Dublin is perhaps the most overlooked capital city in Western Europe. This is surprising because it is a youthful, vibrant city with a long history and much in the way of cultural attractions.
Located on the east coast of Ireland at the mouth of the River Liffey, Dublin is the capital of the Republic of Ireland. It is Ireland's largest city and has a population of over 1 million in its metropolitan area. Forty percent of the population of Ireland is under 25 years of age and many of the young people have migrated to Dublin to study or work, giving the city a youthful flare. Indeed, it has a reputation as one of Europe's leading party cities.
Dublin is a well-developed city with a contemporary infrastructure. The city center sits astride the River Liffey with most, but by no means all, visitor attractions south of the river. Most of the attractions are within walking distance of each other and the streets are crowded with tourists and young people during the day.
The revitalized Temple Bar area is known for its cafes and restaurants as well as for its youth-oriented nightlife. There are also numerous pubs throughout the city.
Dublin's best-known shopping area centers upon Grafton Street. Much of this area has been pedestrianized and street performers are common. Shops are generally open Monday through Saturday but some now have Sunday hours.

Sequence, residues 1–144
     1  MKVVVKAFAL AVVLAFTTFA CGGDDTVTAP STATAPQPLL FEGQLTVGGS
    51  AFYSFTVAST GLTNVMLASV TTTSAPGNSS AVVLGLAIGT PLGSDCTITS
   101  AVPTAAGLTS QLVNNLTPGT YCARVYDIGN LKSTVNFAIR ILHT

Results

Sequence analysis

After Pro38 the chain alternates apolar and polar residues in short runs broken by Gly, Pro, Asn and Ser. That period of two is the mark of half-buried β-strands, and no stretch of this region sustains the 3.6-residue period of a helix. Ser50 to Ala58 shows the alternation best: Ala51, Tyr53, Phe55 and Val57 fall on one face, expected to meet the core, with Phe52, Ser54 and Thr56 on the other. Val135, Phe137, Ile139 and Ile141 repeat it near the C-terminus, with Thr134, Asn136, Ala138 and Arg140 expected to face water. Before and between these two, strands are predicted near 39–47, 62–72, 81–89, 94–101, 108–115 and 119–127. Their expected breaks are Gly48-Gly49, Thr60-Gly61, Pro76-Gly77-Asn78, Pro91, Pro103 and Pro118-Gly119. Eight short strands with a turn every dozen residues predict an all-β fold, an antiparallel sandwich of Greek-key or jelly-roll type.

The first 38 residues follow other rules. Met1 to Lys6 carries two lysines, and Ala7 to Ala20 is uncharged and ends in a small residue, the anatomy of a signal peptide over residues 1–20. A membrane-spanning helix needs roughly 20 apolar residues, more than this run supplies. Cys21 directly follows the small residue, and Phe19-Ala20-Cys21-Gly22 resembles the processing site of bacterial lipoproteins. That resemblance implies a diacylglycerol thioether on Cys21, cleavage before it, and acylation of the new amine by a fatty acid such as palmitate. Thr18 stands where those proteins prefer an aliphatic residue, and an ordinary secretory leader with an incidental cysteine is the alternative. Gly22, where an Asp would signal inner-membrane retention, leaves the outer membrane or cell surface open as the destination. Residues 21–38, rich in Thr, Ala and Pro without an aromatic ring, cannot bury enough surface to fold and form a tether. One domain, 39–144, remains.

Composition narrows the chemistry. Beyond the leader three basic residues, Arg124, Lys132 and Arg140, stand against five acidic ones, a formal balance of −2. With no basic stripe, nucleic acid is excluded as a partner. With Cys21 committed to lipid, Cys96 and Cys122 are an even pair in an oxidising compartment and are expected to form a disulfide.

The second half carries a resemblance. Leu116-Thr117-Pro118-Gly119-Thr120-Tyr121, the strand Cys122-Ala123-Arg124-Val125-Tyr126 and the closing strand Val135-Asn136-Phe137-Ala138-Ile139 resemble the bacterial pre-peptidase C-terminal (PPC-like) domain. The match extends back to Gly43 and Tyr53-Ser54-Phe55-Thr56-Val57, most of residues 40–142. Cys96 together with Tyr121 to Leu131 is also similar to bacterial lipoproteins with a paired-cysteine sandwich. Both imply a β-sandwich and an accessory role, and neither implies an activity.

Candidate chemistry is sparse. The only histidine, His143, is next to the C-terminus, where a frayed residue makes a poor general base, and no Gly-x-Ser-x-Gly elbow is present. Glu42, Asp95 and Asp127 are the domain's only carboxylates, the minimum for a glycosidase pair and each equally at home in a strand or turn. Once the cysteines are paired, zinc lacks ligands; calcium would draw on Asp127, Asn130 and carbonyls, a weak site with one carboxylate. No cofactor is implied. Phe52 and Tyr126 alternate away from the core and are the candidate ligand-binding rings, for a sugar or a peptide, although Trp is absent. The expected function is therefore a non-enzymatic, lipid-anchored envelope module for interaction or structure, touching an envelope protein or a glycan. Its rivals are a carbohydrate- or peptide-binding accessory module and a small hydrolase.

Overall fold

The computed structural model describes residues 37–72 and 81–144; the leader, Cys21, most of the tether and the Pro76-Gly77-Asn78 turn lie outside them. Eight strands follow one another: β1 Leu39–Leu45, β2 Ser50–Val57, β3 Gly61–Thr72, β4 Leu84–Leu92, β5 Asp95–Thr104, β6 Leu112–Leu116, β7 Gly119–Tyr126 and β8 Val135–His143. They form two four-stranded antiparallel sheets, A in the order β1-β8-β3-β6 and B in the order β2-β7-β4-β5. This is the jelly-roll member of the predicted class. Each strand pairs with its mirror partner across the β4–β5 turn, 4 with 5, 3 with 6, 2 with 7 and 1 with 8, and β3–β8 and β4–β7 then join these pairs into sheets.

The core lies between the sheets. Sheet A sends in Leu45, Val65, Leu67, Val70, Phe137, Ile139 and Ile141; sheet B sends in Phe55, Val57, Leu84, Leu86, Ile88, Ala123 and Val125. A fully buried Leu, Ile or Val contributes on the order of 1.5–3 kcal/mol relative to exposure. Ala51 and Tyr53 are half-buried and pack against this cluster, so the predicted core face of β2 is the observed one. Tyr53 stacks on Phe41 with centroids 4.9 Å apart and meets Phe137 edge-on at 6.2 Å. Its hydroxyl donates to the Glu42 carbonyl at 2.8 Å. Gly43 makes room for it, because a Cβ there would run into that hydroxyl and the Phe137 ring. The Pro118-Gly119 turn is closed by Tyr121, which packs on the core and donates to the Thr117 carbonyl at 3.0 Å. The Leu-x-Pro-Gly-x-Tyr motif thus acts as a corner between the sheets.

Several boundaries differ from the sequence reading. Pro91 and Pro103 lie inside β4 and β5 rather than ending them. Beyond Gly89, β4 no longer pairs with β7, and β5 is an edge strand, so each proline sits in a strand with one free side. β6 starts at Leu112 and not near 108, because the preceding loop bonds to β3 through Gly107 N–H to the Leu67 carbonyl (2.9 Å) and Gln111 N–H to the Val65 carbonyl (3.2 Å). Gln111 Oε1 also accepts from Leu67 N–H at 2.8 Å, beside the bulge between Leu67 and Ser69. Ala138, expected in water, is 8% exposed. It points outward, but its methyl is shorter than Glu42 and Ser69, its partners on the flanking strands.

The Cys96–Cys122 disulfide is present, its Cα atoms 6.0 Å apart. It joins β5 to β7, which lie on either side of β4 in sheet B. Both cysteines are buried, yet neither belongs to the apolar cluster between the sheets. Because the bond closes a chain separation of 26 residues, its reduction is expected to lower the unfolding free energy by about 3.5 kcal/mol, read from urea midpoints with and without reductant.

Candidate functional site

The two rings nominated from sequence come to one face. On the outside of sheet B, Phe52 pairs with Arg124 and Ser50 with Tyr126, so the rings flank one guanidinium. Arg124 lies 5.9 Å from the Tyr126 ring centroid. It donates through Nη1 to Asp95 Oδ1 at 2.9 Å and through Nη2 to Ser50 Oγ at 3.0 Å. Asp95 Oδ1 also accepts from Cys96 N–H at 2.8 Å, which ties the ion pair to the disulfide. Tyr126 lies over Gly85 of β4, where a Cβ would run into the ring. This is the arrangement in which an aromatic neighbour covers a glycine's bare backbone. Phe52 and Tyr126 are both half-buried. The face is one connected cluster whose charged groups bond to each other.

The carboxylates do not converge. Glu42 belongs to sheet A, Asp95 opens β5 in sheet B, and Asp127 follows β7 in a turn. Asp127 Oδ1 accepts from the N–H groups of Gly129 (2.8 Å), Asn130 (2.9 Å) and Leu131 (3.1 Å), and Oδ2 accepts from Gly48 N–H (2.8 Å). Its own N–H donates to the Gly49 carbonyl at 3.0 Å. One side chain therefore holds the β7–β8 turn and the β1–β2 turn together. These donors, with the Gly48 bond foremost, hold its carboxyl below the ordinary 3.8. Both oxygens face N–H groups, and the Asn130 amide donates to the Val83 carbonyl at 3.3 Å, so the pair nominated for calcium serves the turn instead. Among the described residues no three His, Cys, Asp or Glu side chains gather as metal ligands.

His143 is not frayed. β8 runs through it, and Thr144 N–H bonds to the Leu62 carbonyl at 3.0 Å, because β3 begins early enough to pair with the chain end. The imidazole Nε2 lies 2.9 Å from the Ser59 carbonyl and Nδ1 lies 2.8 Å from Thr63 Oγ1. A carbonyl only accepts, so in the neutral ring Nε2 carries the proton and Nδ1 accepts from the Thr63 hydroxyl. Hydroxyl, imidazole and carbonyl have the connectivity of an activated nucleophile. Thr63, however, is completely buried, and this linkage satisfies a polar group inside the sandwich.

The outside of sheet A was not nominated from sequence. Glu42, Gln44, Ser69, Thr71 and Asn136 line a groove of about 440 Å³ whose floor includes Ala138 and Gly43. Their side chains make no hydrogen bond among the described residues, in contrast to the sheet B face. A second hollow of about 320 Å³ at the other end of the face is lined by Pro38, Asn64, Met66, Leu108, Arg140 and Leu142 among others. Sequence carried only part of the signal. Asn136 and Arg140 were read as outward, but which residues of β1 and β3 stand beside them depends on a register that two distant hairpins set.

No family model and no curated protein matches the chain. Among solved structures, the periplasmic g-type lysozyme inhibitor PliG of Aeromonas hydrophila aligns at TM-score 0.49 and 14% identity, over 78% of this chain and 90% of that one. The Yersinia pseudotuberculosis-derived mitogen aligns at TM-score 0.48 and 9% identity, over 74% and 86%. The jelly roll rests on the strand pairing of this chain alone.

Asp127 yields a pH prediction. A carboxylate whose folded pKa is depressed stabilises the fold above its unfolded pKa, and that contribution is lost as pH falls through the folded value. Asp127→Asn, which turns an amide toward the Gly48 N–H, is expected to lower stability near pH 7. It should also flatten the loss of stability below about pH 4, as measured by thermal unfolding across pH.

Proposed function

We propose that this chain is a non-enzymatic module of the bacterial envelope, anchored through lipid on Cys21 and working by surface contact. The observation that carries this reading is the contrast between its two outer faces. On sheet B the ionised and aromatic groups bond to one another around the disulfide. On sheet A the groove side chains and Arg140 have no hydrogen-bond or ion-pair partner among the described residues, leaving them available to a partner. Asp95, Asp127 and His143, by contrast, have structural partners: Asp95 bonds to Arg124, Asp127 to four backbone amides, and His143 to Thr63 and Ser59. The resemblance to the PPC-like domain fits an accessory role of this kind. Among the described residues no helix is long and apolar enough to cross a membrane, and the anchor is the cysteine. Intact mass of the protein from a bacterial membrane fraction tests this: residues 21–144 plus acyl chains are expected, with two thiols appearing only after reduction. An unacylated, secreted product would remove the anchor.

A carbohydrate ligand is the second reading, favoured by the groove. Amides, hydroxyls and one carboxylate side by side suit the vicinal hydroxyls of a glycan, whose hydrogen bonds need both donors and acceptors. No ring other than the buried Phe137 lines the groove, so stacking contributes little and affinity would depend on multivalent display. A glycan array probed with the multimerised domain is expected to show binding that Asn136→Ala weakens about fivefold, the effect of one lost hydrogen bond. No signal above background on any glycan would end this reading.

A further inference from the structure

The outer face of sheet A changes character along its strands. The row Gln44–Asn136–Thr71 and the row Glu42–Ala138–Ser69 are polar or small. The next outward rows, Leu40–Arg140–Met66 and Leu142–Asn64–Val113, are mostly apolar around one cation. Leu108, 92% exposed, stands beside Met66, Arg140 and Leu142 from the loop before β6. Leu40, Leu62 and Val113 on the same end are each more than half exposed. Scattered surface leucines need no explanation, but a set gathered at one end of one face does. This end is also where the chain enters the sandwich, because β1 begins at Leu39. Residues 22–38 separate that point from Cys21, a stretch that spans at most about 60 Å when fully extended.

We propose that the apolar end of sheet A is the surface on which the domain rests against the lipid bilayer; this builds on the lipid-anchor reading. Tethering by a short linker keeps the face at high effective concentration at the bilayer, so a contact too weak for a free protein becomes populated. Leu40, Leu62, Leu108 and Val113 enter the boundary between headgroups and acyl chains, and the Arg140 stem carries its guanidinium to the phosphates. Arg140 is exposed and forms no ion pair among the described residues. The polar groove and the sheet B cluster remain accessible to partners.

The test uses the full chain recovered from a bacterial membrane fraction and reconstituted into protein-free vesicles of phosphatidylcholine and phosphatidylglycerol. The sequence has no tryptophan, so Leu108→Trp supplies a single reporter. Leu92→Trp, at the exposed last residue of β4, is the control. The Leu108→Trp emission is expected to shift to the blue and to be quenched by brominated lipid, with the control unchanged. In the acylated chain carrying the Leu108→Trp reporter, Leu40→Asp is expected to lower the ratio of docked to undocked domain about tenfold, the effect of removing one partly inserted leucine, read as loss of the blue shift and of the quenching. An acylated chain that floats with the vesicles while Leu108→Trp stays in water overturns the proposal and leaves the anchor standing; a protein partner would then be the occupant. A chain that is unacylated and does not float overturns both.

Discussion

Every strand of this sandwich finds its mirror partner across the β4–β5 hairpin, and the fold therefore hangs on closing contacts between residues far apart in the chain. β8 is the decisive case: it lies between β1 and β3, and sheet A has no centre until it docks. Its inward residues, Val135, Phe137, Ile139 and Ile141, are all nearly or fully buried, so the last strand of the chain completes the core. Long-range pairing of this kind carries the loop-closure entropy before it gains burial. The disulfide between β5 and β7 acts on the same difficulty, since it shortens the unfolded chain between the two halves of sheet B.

Ireland is a member of the European Union and has adopted the Euro as its currency. Other currencies are not widely accepted. However, major credit cards are.
English is the most widely spoken language. However, you will see many signs written both in English and in Irish. Within recent memory, the Irish language was only spoken in very rural areas of the country but now it has seen a rebirth and it is much more widely understood.
The city center has a welcoming look.
Above: The Temple Bar has been likened to Paris' Left Bank. It was once slated to be re-developed into a bus terminal and a shopping mall but was preserved after a public outcry. It is alive with cafes and restaurants.
The Abbey Theatre (above left) is Ireland's national theater. W.B. Yeats was one of its founders and the theatre is part of Dublin's great literary tradition. Still, Dubliners do not live by culture alone. The Avia Stadium (above right) is used for football, rugby and for rock concerts.
Cruise destination - Ireland - Dublin City Overview